Tissue injury/hypoxia and oxidative stress induced-extracellular ATP can act as a damage-associated molecular pattern molecules (DAMPs), which initiates inflammatory response. Objective was to elucidate the role of extracellular ATP in skin fibrosis in systemic sclerosis (SSc). We identified that hypoxia enhanced ATP release, and extracellular ATP enhanced IL-6 production more significantly in SSc fibroblasts than in normal fibroblasts. There were no significant differences of P2X and P2Y receptors expressions between normal and SSc fibroblasts.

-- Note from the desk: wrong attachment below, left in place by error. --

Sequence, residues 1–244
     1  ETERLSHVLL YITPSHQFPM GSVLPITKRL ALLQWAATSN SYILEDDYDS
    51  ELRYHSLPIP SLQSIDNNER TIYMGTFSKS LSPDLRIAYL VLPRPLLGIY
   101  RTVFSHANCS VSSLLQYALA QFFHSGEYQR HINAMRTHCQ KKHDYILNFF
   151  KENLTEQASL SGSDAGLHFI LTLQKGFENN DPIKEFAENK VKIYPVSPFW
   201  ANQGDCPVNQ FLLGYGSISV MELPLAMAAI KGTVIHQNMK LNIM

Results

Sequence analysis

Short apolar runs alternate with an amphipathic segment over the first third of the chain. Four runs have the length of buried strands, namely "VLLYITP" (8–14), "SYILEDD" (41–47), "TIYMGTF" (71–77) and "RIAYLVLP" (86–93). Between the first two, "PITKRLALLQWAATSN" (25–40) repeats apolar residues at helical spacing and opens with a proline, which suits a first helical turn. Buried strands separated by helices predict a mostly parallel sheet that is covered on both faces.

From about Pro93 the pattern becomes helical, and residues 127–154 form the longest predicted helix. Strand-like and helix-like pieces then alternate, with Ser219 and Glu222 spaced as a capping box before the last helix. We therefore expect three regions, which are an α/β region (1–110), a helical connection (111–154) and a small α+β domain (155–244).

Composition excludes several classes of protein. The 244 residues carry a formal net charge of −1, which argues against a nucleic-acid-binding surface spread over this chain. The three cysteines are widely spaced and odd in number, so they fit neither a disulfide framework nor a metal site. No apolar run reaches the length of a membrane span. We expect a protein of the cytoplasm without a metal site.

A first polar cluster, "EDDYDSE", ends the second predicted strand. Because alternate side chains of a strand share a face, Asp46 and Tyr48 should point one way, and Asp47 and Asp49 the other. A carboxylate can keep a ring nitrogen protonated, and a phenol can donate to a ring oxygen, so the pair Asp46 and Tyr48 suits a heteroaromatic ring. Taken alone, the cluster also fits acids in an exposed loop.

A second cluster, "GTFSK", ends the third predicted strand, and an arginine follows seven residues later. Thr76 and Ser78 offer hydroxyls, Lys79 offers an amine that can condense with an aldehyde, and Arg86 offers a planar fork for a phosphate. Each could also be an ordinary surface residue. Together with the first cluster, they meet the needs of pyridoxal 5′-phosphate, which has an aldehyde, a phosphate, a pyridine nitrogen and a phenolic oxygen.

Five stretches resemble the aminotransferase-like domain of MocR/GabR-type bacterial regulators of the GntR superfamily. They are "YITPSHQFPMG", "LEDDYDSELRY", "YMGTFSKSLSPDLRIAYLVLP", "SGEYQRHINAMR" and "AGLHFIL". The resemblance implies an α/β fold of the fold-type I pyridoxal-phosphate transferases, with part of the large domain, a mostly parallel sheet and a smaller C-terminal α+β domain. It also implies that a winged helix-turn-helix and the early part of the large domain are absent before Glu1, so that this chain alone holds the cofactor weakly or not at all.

Aging in skin of color: Disruption to elastic fiber organization is detrimental to skin’s biomechanical function

Sun, 2018-11-04 00:00
Skin aging is a complex process involving the additive effects of time-dependent intrinsic aging and changes elicited via skin’s interaction with the environment. Maintaining optimal skin function is essential for healthy aging across global populations; yet most research focuses on lightly-pigmented skin (Fitzpatrick phototypes I-III), with little emphasis on skin of color (Fitzpatrick phototypes V–VI). Here, we explore the biomechanical and histologic consequences of aging in black African-American volunteers.

The calcium-sensing receptor regulates epidermal intracellular Ca2+ signaling and re-epithelialization after wounding

Sun, 2018-11-04 00:00